Wednesday, December 07, 2011

Fact of the Day: Hunting is Safer Than Bowling?

According to the National Shooting Sports Foundation, hunting with firearms is one of the safest recreational activities in America (here's the press release and here's the fact sheet with sources provided).  Based on the percentage of injuries per 100 participants, hunting with firearms (0.05%) is slightly safer than bowling (0.06%) or jogging (0.08%) and slightly less safe than billiards (0.02%), see chart above.   The organization also points out that compared to hunting a person is:
  • 11 times more likely to be injured playing volleyball
  • 19 times more likely to be injured snowboarding
  • 25 times more likely to be injured cheerleading or bicycle riding
  • 34 times more likely to be injured playing soccer or skateboarding
  • 105 more times likely to be injured playing tackle football.
Not surprisingly, the least safe sport is football (tackle) by far, followed by basketball, skateboarding, soccer, wrestling and bicycle riding (see chart below).


At 12/07/2011 9:43 AM, Blogger Steamboat Lion said...

Tell that to the deer!

Seriously, what does percentage per 100 participants mean. I thought percentage was already per hundred. So is it actually per 10,000 participants?

Similar data for fatalities would be interesting. Maybe I'm more likely to get injured falling off my snowboard, but if Dick Cheney shoots me in the face maybe I'm more likely to be dead.

At 12/07/2011 9:54 AM, Blogger morganovich said...

this seems like you'd need to weight it by severity of injury to get a more accurate picture.

skinning your knee on a skateboard is not the same as getting shot.

At 12/07/2011 11:01 AM, Blogger tom said...

@morganovich - that was my immediate thought as well. I would rather twist my ankle than shooting my foot. :)

At 12/07/2011 11:36 AM, Blogger juandos said...

"Tell that to the deer!"...

Why bother when its more fun to shoot them?

Venison! Good eats!

Ever peruse the CDC's FastStats A to Z site?

At 12/07/2011 11:51 AM, Blogger Benjamin Cole said...

Unless you plan to hunt with Dick "Sure Shot" Cheney, this may be true.

At 12/07/2011 1:05 PM, Blogger AIG said...

Somehow I think an "injury" while hunting or mountain biking may be more significant than an "injury" while playing tennis.

At 12/07/2011 4:06 PM, Blogger Hydra said...

Doesn't say anything about the severity of the injuries. A jammed finger from vollyball or sprained ankle from bowling is not the same as getting shot.

At 12/07/2011 5:40 PM, Anonymous Anonymous said...

You have to wonder how long American tackle football can stick around given those horrible stats. The barbaric sport of boxing is already on the downslide because of the repeated head trauma associated with punching each other's heads, and people are finding out similar things about American football. The NFL is already changing the rules because of how their players are getting maimed and their brains scrambled. I don't think the league or the sport will be around in a couple decades.

At 12/07/2011 5:51 PM, Blogger Marko said...

Even so, I bet most hunting accidents are sprained ankles and hypothermia. The first from walking around in the woods, the second from sitting in a blind.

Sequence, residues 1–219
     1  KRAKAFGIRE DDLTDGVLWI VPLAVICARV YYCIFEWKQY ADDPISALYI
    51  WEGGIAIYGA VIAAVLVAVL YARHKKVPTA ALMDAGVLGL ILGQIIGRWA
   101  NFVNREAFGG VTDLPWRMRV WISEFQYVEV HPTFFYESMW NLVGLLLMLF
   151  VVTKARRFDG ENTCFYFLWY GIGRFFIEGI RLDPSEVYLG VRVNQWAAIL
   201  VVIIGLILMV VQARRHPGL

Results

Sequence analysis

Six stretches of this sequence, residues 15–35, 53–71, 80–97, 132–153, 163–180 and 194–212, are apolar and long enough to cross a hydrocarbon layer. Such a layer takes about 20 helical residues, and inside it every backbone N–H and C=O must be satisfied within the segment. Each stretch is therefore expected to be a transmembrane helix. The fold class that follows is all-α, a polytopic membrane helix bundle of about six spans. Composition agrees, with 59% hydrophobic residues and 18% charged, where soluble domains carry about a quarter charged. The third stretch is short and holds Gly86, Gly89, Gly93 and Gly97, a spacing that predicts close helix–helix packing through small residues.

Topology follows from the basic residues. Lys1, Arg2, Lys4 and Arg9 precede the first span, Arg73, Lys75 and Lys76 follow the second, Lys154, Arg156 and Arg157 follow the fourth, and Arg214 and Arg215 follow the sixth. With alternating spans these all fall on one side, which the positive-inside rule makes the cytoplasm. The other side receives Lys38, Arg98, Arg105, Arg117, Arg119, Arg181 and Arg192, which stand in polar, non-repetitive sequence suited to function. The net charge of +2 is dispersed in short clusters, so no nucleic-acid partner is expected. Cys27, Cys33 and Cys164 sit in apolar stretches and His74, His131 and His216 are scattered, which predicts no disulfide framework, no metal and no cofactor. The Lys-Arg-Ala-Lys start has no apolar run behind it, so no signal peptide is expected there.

Notice, though, that they are comparing gun hunting to archer practice. Makes you wonder what the stats are for gun practice and bow hunting . . .

At 12/07/2011 7:05 PM, Blogger Joe said...

This is not he appropriate measure. Need to measure the quantity of times the person engages in activity. A better unit would be per person per day of activity. There are many many more person days of football than hunting.

At 12/08/2011 1:23 AM, Blogger trshaw said...

"Percentage per 100" is redundantly saying the same thing twice.

At 12/08/2011 10:14 AM, Blogger VangelV said...

Similar data for fatalities would be interesting. Maybe I'm more likely to get injured falling off my snowboard, but if Dick Cheney shoots me in the face maybe I'm more likely to be dead.

I would say that is a very good point.

At 12/08/2011 7:58 PM, Blogger kleht said...

My question here would be the extent of injuries when they occur. Specifically for me, I've played tennis for 37 years and I hunted when I was very young.

I have difficulty thinking that hunting is safer than tennis. The difficulty arises from the extent of any injuries when they do
occur and the amount of time over which hunting and tennis activities take place.

1) Injuries occurring from hunting are usually far more serious than injuries occurring in tennis. This alone would indicate that tennis is safer than hunting.

2) There is far more tennis playing than there is hunting on a per capita basis, unless I'm missing something here. While the amount of hunting can be
calculated based on licenses and the length of the hunting seasons themselves, how does one arrive at an estimate of time spent playing tennis? All tennis playing is not paid for and not kept track of.

This just makes me wonder just what factors are used to determine the relative safety of the various activities.

It appears here that the source of the information might be influenced by someone trying to prove something and using selective information. Statistics can be abused. There is not enough information here to test the credibility of the safety claims of hunting versus the other activities.


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